As part of Feedback Loop’s commitment to empowering our customers with more flexibility and control with our platform, users can set a target audience size for each individual test within a workspace. Our requests typically range from 50 to 700 participants per test but how do you determine the ideal number of people to collect feedback from to make your decisions?
To start, it is important to provide an overview of what agile research is and what it is not.
When deciding on a research method to use for your study, there are a couple of key factors that come into play: budget, timeline, and the goal of your study or the decision you are trying to make. Agile research is an accelerated and cost-effective method that provides directional data early and often to validate or invalidate decisions throughout the product development life cycle. The agile approach allows businesses to be more customer-centric, innovate rapidly, and iterate frequently.
Agile research is a powerful methodology that can help inform business initiatives within hours, so it’s best suited for product design, development, and positioning decisions. It can be used alone but works well when used in conjunction with other research methods to make decisions with confidence because larger decisions with the potential for greater business risk will require more data.
The following questions can help you determine the optimal test size based on the decision you are looking to make using agile research including Feedback Loop’s platform:
Where are you in the product development lifecycle?
Decisions become more impactful as you get closer to launch so customers will typically require more participants for their tests as they move along the product development process. However, it is critical to start testing early in the process so you set yourself up for success from the beginning and avoid the need to pivot later in the cycle, which is challenging and costly.
What decision(s) are you looking to make?
Option 1: In early-stage discovery or design research, a smaller target size of under 200 respondents is usually sufficient.
Option 2: In concept testing or UI evaluation research, target audience size largely depends on the number of concepts being evaluated, and if you are evaluating via monadic or sequential monadic testing.
How deep does your analysis need to be?
The depth of analysis required can influence the number of participants required.
Simple tests: For simple tests where you’re reviewing the results of the population as a whole, smaller target sizes are sufficient.
Subgroups of data: For tests that require you to dig into individual subgroups of data, such as age group or gender, increasing the sample size can help accommodate more in-depth analyses.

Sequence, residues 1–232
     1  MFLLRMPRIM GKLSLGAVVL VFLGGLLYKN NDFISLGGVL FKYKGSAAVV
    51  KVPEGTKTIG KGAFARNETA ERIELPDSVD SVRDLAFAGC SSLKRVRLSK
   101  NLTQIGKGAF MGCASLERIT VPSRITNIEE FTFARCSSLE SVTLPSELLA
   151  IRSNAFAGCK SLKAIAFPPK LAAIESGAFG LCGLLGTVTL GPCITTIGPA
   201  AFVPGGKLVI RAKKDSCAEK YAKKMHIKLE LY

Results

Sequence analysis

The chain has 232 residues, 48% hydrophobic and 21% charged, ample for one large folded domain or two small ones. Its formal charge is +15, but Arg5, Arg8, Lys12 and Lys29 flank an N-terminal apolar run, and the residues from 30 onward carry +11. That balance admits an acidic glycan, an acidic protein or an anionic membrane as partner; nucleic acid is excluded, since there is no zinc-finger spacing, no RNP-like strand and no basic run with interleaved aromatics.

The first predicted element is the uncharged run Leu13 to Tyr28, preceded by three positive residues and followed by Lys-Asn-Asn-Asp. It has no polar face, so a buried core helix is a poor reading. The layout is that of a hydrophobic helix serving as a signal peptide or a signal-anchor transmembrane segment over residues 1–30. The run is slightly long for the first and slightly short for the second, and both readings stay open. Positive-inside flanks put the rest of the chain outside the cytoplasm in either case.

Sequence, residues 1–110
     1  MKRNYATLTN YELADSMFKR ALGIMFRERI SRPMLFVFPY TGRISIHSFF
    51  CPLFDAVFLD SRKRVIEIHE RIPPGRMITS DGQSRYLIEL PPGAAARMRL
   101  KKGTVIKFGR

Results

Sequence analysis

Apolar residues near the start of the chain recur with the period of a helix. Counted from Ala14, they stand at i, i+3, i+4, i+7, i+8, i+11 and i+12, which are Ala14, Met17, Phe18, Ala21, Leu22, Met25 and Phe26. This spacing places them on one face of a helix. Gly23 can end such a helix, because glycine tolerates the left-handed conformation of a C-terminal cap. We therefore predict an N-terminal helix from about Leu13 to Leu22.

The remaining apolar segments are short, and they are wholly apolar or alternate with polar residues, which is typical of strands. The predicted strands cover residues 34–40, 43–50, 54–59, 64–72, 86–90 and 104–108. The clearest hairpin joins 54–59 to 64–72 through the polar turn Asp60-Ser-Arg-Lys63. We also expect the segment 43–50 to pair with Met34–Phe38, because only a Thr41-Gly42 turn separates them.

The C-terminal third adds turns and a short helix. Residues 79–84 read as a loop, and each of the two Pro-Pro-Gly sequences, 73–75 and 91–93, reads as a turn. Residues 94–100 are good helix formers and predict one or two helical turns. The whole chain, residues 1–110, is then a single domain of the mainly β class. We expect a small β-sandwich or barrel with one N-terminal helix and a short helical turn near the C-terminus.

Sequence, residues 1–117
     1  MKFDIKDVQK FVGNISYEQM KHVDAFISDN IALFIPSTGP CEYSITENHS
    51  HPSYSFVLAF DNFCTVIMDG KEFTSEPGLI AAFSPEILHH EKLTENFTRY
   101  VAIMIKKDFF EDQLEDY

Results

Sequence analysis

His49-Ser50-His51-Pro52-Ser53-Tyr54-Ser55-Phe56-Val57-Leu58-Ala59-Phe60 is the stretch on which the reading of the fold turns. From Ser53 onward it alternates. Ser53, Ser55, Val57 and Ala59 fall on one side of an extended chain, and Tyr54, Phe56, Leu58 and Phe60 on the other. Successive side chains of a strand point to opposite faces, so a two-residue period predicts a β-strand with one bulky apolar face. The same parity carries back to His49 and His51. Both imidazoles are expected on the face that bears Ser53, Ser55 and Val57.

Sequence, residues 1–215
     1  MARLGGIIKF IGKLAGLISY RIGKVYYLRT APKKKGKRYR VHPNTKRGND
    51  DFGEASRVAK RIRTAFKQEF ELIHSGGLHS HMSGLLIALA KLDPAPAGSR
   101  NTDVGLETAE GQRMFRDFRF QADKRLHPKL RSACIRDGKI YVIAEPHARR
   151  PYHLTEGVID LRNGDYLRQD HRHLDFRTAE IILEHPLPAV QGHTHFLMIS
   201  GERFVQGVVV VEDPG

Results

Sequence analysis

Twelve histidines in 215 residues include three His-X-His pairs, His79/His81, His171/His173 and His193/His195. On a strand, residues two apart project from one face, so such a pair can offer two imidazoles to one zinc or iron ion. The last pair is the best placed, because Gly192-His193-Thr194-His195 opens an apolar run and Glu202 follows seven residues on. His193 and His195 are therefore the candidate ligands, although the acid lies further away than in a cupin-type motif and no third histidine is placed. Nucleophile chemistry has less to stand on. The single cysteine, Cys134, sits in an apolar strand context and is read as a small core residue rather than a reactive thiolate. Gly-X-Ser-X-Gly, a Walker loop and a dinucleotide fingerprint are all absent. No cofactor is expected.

It is essential to note that agile research relies on random sampling for participant recruitment and quota balancing is not supported. Feedback Loop results are usually within a 10% variance of the national census, so we recommend basing your analysis on the entire population and maybe a few large subgroups instead of getting too nuanced.
How feasible is your target audience?
To determine how many people in a specific audience you can realistically reach, you need to:
Understand (roughly) the total number of people that meet your criteria (Note: Google is your friend!)
Keep in mind only 5-10% of the general population actively participates in online research.
Total Population Size
Expected Test Size*
|Example Audiences (US)|
|People with a credit card (230 million)|
|3-5 million||250-500||People who bought an American-made car in the past year (5 million)|
|2-3 million||100-250||Pet owners of medium-sized dogs (2.1 million)|
|Under 2 million||0-100||Financial advisors (300 thousand)|
*Assuming a full 48 hours in the field.
Do you have any data or past tests that you will use to inform this research?
Once you’ve defined what you’re looking to learn and how you will use the test data, you can start to incorporate data you’ve previously collected.
Existing data can assist in your study design process and can help to avoid making assumptions when creating your survey instrument. It can also impact the number of consumers you need to collect feedback from. For example, if you already have some data on whatever you are looking to test with Feedback Loop, you may not need as many participants as if you were exploring a new topic entirely.
Will you be running the survey again?
You’ll want to make sure that you can reach the same size audience consistently. Think about culture, politics, and economics - will the feasibility of this audience change over time?
Will the test be able to run for the full fielding window?
Feedback Loop’s tests publish when the desired number of completes is met or within 48 hours, whichever is sooner. If you require data before the 48-hour time period is up, you can finish the test early. However, you may end up with fewer responses than expected.
Are you running any other tests with this audience right now?
Feedback Loop employs a lockout for all customers to ensure distinct respondents in your study results over time. If a participant completes a survey of yours, they are not eligible to complete another for 7 days.
Therefore, consider “competing” priorities: If you are running multiple tests for the same audience simultaneously, think about the overall feasible size of that audience and divide that by the number of tests you have live. That is how large your test size will realistically be.
For information on how to set a new size for individual tests on our platform, see Audiences - Setting Sample Size.